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## Replies to: Math Placement Test Without a Calculator?

5,851Senior MemberIt is in my math class. Even in classes for which I expect students to use calculators heavily, I expect them not to use calculators for basic computation. It's pointless to make students multiply two four-digit numbers by hand if they can already do it, or divide 3.51*10^5 by 4.3*10^(-9) manually if they can already do it, but if they can't already do it, they haven't achieved a basic level of math proficiency that we expect of high school graduates. And I certainly expect that my students will not reach for a calculator to multiply 17 by 5, or approximate pi/2, let alone the square root of 95.

Calculators are fabulous labor-saving tools. But a student who can't do arithmetic or basic algebra without one really does need remedial math. If her high school graduated her without these skills, it did her a disservice. But I don't think that means her college should just pass her along that way.

In your situation, I'd be annoyed and disappointed and frustrated, too. But I don't think the college is really the right entity for you to be ticked off at.

22,612Super ModeratorNo one would ever mistake me for a math wiz and I used the same concept as BC. I knew that 9*9 =81 and 10*10 =100 since 100-95 =5, I would have also chosen the largest number over 9 and under 10.

My daughter also went to a school that did Marily Burns Math for smarty pants and knew how to do all sorts of abstract word problems but struggled doing basic arithmetic in her head. Yes, I whipped out my index cards and that is how she learned multiplication.

I agree with Garland about the over reliance on calculators. Kids with high tech calculators simply program formulas in their calculators and then plug and chug without really knowing how to do the work pen to the paper.

22,762Senior Member> think the college is really the right entity for you to be ticked off at.

Schools have 12 years to teach at least arithmetic and algebra. That is a very, very long time. If the schools aren't doing their jobs, then parents have to step in to fill the void. The problem is that parents often don't know that there is a problem.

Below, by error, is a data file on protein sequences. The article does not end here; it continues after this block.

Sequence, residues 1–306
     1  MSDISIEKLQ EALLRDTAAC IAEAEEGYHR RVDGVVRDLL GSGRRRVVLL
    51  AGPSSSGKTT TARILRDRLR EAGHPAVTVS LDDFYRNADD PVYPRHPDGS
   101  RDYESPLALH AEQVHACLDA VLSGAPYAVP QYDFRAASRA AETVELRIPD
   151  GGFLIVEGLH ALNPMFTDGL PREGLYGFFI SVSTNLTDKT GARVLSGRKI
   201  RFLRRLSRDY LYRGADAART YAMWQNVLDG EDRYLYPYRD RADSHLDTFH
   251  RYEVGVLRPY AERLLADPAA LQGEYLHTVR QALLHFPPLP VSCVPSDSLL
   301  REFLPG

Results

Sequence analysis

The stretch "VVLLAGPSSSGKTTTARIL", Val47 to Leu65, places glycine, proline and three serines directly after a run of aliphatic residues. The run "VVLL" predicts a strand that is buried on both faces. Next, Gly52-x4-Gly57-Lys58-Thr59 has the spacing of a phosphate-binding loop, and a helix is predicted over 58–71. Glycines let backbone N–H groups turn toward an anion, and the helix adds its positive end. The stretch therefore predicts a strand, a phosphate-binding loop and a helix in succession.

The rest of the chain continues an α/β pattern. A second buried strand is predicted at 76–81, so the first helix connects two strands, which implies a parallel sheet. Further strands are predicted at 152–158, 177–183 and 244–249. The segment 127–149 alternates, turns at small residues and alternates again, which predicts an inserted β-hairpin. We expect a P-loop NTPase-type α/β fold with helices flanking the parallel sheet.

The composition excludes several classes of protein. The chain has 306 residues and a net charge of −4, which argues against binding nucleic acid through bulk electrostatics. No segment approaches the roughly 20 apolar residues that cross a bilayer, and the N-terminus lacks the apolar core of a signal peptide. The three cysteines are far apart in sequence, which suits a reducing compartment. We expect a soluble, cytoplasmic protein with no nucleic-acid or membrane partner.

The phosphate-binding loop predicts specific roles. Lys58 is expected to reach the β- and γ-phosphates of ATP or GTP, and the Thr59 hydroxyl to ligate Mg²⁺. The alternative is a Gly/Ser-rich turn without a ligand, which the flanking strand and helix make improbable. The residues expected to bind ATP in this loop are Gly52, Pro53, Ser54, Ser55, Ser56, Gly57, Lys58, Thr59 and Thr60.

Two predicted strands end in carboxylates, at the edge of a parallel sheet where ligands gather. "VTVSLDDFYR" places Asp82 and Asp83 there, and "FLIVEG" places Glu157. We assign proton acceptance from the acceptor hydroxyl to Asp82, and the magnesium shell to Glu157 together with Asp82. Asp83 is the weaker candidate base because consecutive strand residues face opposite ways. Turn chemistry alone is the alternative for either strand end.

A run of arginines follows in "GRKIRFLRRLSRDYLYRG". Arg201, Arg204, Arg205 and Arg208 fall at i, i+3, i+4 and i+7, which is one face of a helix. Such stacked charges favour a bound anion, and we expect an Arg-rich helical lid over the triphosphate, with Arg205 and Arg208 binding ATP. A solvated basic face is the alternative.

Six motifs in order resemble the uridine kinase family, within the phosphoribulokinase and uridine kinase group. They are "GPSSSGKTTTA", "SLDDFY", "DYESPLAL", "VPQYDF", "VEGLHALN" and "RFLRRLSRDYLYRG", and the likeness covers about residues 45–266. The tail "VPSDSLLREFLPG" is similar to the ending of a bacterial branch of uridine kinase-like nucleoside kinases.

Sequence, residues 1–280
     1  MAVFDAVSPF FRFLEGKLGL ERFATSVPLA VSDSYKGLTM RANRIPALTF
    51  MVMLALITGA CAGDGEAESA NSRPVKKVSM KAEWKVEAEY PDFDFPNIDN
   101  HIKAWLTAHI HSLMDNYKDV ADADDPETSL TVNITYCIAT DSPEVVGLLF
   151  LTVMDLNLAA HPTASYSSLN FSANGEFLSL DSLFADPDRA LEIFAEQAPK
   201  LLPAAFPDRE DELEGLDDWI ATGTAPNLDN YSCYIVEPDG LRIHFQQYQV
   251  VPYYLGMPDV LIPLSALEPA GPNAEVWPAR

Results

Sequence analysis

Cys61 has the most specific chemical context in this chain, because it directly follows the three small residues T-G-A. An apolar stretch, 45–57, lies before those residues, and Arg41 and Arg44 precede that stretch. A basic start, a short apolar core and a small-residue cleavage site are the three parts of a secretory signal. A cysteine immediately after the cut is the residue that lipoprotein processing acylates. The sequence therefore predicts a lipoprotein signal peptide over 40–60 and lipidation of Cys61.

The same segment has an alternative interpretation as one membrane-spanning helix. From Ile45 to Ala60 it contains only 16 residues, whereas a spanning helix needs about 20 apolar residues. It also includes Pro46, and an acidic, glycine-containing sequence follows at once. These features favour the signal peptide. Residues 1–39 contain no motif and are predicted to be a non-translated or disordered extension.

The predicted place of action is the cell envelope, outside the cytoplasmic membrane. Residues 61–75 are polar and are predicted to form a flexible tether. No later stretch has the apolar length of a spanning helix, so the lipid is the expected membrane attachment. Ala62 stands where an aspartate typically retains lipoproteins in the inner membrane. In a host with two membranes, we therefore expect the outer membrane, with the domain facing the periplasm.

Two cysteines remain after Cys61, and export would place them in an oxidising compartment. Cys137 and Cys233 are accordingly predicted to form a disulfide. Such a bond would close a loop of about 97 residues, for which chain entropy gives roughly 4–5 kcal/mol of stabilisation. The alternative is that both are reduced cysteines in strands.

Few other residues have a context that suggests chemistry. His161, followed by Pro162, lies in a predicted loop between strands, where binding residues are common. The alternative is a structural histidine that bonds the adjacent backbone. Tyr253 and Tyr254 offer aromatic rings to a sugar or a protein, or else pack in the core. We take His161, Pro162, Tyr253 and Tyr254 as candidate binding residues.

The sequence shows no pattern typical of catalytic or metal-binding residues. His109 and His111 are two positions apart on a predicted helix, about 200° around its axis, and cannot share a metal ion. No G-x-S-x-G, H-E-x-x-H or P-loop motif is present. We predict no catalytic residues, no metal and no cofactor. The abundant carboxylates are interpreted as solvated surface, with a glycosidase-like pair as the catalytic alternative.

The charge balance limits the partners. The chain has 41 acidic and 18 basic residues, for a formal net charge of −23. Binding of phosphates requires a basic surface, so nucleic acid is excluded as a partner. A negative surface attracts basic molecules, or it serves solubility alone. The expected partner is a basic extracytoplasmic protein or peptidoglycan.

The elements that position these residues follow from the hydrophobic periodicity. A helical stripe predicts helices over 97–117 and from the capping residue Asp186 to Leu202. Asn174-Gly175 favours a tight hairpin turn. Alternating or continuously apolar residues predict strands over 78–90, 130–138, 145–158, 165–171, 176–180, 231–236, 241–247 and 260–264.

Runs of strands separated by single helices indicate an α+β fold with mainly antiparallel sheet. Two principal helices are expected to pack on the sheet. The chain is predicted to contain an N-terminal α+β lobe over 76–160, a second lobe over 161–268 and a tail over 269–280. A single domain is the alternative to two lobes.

I recall the survey results in grad school on how to improve courses. The biggest complaint was on students that didn't have the prerequisites for the course eating up valuable course time. How can a college professor teach the required material if a lot of course time is spent doing prerequisites?

In this case, the placement tests are fair to everyone. The professor can teach the course. Students in the course aren't held back by students that won't succeed in the course. Students that have to take remedial courses will be prepared for the course after they can demonstrate that they can meet the prerequisites.

3,303Senior MemberAt some level, the test should be designed to evaluate knowledge of the math concepts, not entirely the ability to perform arithmetic and estimation.

For example, I think it would be far more effective use of time to have several questions along the line of "What is ln(e^6.37)", rather than questions like "Estimate the number closest to e^6.37". In the case of the latter question, depending on the answer choices given, you would merely have to narrow it down and guess.

189Junior Member5,032Senior Member18,345Senior Member5,851Senior MemberWell, if that happens, being ticked off at the college will be a totally appropriate response.

4,790Senior Member24,980Senior Member40,488Senior MemberWell, how else should she go about getting those basics?

Just because she's an early childhood education major doesn't mean that she shouldn't have a basic level of math competency.

For your square root of 95 example, she should be able to at least know that the answer lies between 9 and 10.

I do concur that the statistics class would probably be the most interesting and most importantly the most useful for someone who is not going down a sciency-mathy type of path.

355MemberIt is very important for someone who is going to be a teacher of young children to easily understand how to perform these simple types of calculations. IMHO it is unacceptable to graduate students from elementary teaching programs unless they have a strong understanding of math through Algebra. I applaud the college that the D of the OP attends for insisting upon this!

I'm sorry that your D has to take an extra course, but I'm even more sorry that she arrived at college with this deficiency in math.

5,949Senior MemberI had to use a trigonometric table, a thick book to interpolate values for sine, cosine, tan,...

5,851Senior MemberI've never asked my students to do that. I've also never asked them to crank-start a Model T.

1,331Senior Member